Tidyverse Fun - Part 2

Second part in a series of doing useful tasks with the Tidyverse. This time auto-generating sequential LaTeX newcommand macros

Shamindra Shrotriya https://www.shamindras.com/
08-24-2019

Table of Contents


Task: Generating LaTeX newcommand macros

The central problem

In a custom \(\LaTeX\) macro file I needed to generate several sequential \(\LaTeX\) newcommand entries of the form:


\newcommand{\bfa}{\mathbf{a}}
\newcommand{\bfA}{\mathbf{A}}

Where using $\bfa$ produces \(\mathbf{a}\) and using $\bfA$ produces \(\mathbf{A}\) i.e the lowecase/uppercase mathbf commands respectively.

Specifically I needed to construct 52 such combined sequential entries for both lowercase/uppercase letter versions of these newcommand \(\LaTeX\) macros. Rather than do this manually, I realized that this would be another fun scripting exercise with using the tidyverse packages glue, purrr, and stringr similar to this similar previous post here.

Goal: Create 52 such lowercase/uppercase newcommand entries and print to the console to directly-copy paste to my \(\LaTeX\) macros file.

The tidy approach

First step is to write a function that takes as an input the following:

The function then outputs a single newcommand entry for that lecture i.e \newcommand{\bfa}{\mathbf{a}} in this case. Let’s do it!


# Load required libraries
library(tidyverse)
library(glue)

# Create LaTeX macro newcommand
get_lec_newcmd <- function(inp_letr, mac_type, mac_ref){
    out_str <- glue::glue('\\newcommand{\\<mac_type><inp_letr>}{\\<mac_ref>{<inp_letr>}}',
                          .open = "<", .close = ">")
    base::return(out_str)
}

Let’s just test this out quickly:


c("a", "A") %>%
    purrr::map_chr(.x = ., .f = ~get_lec_newcmd(inp_letr = .x,
                                                mac_type = "bf",
                                                mac_ref = "mathbf")) %>%
    cat(., sep = "\n")

\newcommand{\bfa}{\mathbf{a}}
\newcommand{\bfA}{\mathbf{A}}

Great - looks like it is working as required!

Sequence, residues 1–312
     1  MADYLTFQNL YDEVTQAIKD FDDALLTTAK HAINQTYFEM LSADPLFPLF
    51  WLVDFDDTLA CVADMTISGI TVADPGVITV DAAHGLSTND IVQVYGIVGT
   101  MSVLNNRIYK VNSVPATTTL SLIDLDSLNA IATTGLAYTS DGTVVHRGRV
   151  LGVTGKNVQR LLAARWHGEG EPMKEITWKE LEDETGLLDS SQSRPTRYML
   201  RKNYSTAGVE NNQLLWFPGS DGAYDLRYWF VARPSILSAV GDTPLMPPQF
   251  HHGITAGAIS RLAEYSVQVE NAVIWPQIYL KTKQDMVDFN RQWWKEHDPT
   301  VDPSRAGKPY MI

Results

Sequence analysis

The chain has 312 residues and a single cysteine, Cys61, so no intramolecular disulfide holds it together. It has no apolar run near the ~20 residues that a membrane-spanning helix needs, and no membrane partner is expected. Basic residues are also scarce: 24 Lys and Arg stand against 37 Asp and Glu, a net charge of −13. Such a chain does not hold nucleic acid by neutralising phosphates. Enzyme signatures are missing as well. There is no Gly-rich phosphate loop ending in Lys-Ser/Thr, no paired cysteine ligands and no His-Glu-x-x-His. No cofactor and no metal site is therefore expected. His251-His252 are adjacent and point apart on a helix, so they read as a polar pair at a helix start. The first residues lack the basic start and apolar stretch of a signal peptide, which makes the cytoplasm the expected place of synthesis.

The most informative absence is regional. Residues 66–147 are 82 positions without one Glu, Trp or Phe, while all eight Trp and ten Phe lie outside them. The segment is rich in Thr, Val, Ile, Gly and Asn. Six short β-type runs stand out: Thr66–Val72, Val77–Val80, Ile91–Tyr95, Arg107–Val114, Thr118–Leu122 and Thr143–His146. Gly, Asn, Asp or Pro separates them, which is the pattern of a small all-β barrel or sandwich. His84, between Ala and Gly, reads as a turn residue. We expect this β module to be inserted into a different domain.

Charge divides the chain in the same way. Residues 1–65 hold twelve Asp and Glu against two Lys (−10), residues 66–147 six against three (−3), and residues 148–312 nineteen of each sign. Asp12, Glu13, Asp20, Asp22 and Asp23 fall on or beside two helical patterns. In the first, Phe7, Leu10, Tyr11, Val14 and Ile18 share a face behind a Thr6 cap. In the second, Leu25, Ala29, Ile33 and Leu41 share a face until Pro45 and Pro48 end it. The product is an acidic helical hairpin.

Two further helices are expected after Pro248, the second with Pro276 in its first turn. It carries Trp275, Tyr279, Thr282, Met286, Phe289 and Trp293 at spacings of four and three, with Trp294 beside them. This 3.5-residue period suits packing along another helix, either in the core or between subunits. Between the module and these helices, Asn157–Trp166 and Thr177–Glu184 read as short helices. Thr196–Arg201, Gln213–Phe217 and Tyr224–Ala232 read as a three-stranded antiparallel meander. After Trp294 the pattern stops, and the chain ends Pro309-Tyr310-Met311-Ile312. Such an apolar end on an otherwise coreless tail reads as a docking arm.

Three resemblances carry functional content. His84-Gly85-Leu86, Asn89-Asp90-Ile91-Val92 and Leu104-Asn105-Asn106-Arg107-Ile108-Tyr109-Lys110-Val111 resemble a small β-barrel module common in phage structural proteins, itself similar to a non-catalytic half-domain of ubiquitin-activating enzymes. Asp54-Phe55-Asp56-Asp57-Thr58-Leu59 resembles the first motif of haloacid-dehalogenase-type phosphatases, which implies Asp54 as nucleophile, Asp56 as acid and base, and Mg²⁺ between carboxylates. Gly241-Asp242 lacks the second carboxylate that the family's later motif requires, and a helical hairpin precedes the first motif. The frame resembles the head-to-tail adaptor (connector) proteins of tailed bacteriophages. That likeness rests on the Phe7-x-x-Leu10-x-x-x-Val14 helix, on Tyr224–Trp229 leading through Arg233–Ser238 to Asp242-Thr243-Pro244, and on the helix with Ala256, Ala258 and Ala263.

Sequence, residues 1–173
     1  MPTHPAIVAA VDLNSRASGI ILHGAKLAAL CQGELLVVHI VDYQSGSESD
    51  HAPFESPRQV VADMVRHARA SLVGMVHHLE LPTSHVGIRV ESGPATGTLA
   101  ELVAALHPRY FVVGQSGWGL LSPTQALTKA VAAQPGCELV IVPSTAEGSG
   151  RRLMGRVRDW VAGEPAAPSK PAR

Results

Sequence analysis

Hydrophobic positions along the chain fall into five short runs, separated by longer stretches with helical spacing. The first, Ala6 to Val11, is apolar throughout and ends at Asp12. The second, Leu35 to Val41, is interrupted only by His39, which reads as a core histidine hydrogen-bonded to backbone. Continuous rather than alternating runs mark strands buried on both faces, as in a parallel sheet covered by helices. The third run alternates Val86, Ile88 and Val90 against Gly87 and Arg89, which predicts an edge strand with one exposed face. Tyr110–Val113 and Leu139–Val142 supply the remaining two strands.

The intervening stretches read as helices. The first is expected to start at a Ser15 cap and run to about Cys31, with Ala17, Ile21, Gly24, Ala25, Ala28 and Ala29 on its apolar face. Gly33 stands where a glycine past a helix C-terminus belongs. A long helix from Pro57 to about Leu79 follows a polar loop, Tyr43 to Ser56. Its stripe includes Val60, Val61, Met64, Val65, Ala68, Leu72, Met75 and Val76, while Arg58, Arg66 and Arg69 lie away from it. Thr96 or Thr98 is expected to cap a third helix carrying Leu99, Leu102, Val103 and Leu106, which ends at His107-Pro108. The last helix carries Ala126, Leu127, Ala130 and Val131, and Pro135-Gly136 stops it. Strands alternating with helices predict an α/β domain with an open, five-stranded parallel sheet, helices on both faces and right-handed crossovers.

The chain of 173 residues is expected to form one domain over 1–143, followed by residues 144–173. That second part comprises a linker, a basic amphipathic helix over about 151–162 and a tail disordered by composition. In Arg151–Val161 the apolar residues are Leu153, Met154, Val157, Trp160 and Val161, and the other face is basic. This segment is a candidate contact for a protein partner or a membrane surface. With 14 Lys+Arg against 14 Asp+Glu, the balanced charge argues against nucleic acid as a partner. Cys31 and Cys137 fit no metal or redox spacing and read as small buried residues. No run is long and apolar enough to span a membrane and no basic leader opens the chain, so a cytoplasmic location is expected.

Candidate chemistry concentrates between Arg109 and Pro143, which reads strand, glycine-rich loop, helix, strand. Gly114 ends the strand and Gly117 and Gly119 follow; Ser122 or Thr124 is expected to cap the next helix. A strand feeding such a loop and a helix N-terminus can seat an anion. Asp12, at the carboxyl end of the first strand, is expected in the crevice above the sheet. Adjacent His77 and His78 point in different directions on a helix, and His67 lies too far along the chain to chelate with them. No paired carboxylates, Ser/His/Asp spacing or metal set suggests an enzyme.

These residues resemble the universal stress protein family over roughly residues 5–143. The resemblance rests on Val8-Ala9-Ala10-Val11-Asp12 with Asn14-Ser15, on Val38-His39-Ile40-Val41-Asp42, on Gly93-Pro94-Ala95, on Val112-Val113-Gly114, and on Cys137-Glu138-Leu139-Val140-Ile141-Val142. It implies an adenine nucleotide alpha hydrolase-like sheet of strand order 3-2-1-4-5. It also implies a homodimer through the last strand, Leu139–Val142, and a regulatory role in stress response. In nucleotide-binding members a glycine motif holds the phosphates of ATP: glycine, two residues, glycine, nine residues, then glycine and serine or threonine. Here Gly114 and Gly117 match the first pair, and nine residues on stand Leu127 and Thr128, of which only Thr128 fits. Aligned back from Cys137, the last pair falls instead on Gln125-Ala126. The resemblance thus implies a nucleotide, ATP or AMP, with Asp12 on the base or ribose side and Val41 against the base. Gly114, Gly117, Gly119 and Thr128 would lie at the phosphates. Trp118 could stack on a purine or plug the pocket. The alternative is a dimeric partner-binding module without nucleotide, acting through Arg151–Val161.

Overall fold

Note that we can easily generate other \(\LaTeX\) macros like follows


c("a", "A") %>%
    purrr::map_chr(.x = ., .f = ~get_lec_newcmd(inp_letr = .x,
                                                mac_type = "mc",
                                                mac_ref = "mathcal")) %>%
    cat(., sep = "\n")

\newcommand{\mca}{\mathcal{a}}
\newcommand{\mcA}{\mathcal{A}}

Which generates the corresponding mathcal macros for \(\mathcal{a}\) and \(\mathcal{A}\) respectively.

So finally we can generate all 52 letter macros at time by simply replacing c("a", "A") with c(letters, LETTERS) which uses the input lowercase/uppercase letters/LETTERS vectors in base R:

Full newcommand Demo Output


\newcommand{\bfa}{\mathbf{a}}
\newcommand{\bfb}{\mathbf{b}}
\newcommand{\bfc}{\mathbf{c}}
\newcommand{\bfd}{\mathbf{d}}
\newcommand{\bfe}{\mathbf{e}}
\newcommand{\bff}{\mathbf{f}}
\newcommand{\bfg}{\mathbf{g}}
\newcommand{\bfh}{\mathbf{h}}
\newcommand{\bfi}{\mathbf{i}}
\newcommand{\bfj}{\mathbf{j}}
\newcommand{\bfk}{\mathbf{k}}
\newcommand{\bfl}{\mathbf{l}}
\newcommand{\bfm}{\mathbf{m}}
\newcommand{\bfn}{\mathbf{n}}
\newcommand{\bfo}{\mathbf{o}}
\newcommand{\bfp}{\mathbf{p}}
\newcommand{\bfq}{\mathbf{q}}
\newcommand{\bfr}{\mathbf{r}}
\newcommand{\bfs}{\mathbf{s}}
\newcommand{\bft}{\mathbf{t}}
\newcommand{\bfu}{\mathbf{u}}
\newcommand{\bfv}{\mathbf{v}}
\newcommand{\bfw}{\mathbf{w}}
\newcommand{\bfx}{\mathbf{x}}
\newcommand{\bfy}{\mathbf{y}}
\newcommand{\bfz}{\mathbf{z}}
\newcommand{\bfA}{\mathbf{A}}
\newcommand{\bfB}{\mathbf{B}}
\newcommand{\bfC}{\mathbf{C}}
\newcommand{\bfD}{\mathbf{D}}
\newcommand{\bfE}{\mathbf{E}}
\newcommand{\bfF}{\mathbf{F}}
\newcommand{\bfG}{\mathbf{G}}
\newcommand{\bfH}{\mathbf{H}}
\newcommand{\bfI}{\mathbf{I}}
\newcommand{\bfJ}{\mathbf{J}}
\newcommand{\bfK}{\mathbf{K}}
\newcommand{\bfL}{\mathbf{L}}
\newcommand{\bfM}{\mathbf{M}}
\newcommand{\bfN}{\mathbf{N}}
\newcommand{\bfO}{\mathbf{O}}
\newcommand{\bfP}{\mathbf{P}}
\newcommand{\bfQ}{\mathbf{Q}}
\newcommand{\bfR}{\mathbf{R}}
\newcommand{\bfS}{\mathbf{S}}
\newcommand{\bfT}{\mathbf{T}}
\newcommand{\bfU}{\mathbf{U}}
\newcommand{\bfV}{\mathbf{V}}
\newcommand{\bfW}{\mathbf{W}}
\newcommand{\bfX}{\mathbf{X}}
\newcommand{\bfY}{\mathbf{Y}}
\newcommand{\bfZ}{\mathbf{Z}}


Hope you have fun using this to quickly generate your \(\LaTeX\) newcommand macros ✌️.

Acknowledgments

I’d like to thank Salil Shrotriya for creating the preview image for this post. The hex sticker png files were sourced from here

Corrections

If you see mistakes or want to suggest changes, please create an issue on the source repository.

Citation

For attribution, please cite this work as

Shrotriya (2019, Aug. 24). Shamindra Shrotriya: Tidyverse Fun - Part 2. Retrieved from https://www.shamindras.com/posts/2019-08-21-shrotriya2019tidyfunpt2/

BibTeX citation

@misc{shrotriya2019tidyfunpt2,
  author = {Shrotriya, Shamindra},
  title = {Shamindra Shrotriya: Tidyverse Fun - Part 2},
  url = {https://www.shamindras.com/posts/2019-08-21-shrotriya2019tidyfunpt2/},
  year = {2019}
}